In the bed system of planting, rain irrigation leads to several problems such as excessive downward leaching of wheat-plant nutrients, poor aeration, and high impedance (opposition to the flow) from soil to growing plant roots. "In preliminary research, growing metha with wheat, maize, soybean and even rice on permanent beds has shown encouraging results," said Darshan Singh, chief agriculture officer (CAO) of Moga. "The permanent beds help reduce the tillage cost and greenhouse-gas emissions from burning diesel. The stubble-retention system will also reduce the loss of organic matter in the soil."
Trials in the wheat fields of progressive farmers Balwainder Singh and Satnam Singh at Rauke Kalan have been successful. Agriculture development officer Jaswinder Singh Brar, who inspected the beds, noted that intercropping had increased the efficiency of the fertilisers and saved irrigation water, and raised the yield by 4%. "The bed-planting system can get better yield out of medium to heavy soil with the efficient use of inputs such as water, fertiliser, seed, and weedicide. "Water is a valuable input," said Brar, "and so are fertilisers and weedicides, which are expensive and unsafe to the environment. The lesser the use of these inputs, the safer it is."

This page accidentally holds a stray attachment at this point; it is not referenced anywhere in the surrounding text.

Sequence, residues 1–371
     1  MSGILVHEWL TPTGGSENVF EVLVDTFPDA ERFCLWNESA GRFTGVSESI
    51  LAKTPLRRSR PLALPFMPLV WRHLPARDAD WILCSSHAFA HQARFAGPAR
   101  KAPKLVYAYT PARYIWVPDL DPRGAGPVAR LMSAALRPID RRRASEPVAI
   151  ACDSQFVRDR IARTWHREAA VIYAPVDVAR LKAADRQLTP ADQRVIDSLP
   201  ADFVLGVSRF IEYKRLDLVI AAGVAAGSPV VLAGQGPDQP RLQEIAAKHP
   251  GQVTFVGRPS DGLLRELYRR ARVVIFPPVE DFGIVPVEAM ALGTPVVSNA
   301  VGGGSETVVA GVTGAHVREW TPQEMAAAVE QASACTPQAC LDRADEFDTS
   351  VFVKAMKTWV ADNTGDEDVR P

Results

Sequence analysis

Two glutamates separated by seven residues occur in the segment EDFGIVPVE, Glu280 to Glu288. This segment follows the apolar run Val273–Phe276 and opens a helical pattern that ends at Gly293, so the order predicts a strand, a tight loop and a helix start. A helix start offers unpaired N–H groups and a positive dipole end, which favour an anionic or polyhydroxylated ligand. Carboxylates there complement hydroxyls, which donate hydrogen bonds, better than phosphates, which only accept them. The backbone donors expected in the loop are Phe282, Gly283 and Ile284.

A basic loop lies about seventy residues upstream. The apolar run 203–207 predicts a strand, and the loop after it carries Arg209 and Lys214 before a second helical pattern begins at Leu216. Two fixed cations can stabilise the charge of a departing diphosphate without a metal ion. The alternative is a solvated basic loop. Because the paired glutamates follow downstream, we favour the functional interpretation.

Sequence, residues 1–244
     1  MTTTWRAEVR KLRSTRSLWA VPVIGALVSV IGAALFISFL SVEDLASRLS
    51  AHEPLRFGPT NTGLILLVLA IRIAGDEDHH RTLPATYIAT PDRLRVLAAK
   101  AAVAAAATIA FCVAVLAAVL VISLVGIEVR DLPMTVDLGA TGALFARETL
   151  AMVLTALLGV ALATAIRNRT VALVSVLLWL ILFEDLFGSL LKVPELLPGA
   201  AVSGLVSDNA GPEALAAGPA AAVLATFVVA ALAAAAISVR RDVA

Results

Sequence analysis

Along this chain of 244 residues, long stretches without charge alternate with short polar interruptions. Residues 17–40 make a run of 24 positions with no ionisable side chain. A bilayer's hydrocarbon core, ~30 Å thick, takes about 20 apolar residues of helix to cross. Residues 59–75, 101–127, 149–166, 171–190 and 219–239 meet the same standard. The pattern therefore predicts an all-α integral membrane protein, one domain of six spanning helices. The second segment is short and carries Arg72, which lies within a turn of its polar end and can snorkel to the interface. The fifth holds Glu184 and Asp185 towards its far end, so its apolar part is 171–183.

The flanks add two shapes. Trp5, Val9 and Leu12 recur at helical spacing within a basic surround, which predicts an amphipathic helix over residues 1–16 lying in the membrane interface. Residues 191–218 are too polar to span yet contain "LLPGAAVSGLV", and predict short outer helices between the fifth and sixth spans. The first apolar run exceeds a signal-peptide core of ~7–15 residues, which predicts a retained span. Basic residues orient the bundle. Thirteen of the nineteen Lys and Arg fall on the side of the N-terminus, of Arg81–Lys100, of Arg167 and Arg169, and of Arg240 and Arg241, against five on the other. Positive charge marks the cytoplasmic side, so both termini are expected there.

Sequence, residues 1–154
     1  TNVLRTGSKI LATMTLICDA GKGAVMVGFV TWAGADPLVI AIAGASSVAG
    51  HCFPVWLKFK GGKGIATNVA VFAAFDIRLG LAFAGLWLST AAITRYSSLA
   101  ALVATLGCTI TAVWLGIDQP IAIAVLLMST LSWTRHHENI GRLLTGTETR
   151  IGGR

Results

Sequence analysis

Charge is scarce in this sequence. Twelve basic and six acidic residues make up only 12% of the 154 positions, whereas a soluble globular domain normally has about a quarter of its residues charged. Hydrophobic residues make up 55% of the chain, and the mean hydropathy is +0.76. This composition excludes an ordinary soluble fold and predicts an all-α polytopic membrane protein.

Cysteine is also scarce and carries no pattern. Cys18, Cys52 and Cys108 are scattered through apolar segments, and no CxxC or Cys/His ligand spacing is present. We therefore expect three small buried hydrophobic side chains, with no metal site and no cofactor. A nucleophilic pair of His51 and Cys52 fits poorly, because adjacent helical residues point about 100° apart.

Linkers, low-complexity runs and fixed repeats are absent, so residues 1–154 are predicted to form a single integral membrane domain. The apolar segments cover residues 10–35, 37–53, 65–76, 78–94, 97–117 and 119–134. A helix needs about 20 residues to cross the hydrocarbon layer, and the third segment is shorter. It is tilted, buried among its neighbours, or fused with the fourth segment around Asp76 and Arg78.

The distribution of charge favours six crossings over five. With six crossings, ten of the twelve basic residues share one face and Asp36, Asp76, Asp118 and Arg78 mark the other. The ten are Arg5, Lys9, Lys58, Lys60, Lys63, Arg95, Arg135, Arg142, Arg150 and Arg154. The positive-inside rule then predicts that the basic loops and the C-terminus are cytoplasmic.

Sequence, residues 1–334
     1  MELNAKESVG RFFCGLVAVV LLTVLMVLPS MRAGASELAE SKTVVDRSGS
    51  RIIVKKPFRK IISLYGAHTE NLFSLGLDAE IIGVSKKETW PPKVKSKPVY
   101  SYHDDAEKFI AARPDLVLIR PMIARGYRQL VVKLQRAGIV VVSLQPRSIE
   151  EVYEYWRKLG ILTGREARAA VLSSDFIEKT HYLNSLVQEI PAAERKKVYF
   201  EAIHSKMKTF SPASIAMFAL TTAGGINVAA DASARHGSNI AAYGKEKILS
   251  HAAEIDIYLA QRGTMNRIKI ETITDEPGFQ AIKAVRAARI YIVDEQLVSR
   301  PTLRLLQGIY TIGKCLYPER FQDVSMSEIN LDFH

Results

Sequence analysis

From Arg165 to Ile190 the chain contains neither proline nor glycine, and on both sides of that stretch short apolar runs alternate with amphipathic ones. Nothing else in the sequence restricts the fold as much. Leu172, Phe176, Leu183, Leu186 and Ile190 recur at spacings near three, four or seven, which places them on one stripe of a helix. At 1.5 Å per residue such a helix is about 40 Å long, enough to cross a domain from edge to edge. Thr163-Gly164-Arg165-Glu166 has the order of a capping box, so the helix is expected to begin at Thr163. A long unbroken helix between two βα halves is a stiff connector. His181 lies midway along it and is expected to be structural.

"The raised bed technique allows mechanical weed control and reduces the dependence on herbicides; and farmers get an extra crop in mentha," said CAO Sandhu. "Mentha can also be intercropped with sugarcane, sunflower and onion. The wheat-mentha intercropping is in the ration 4:2."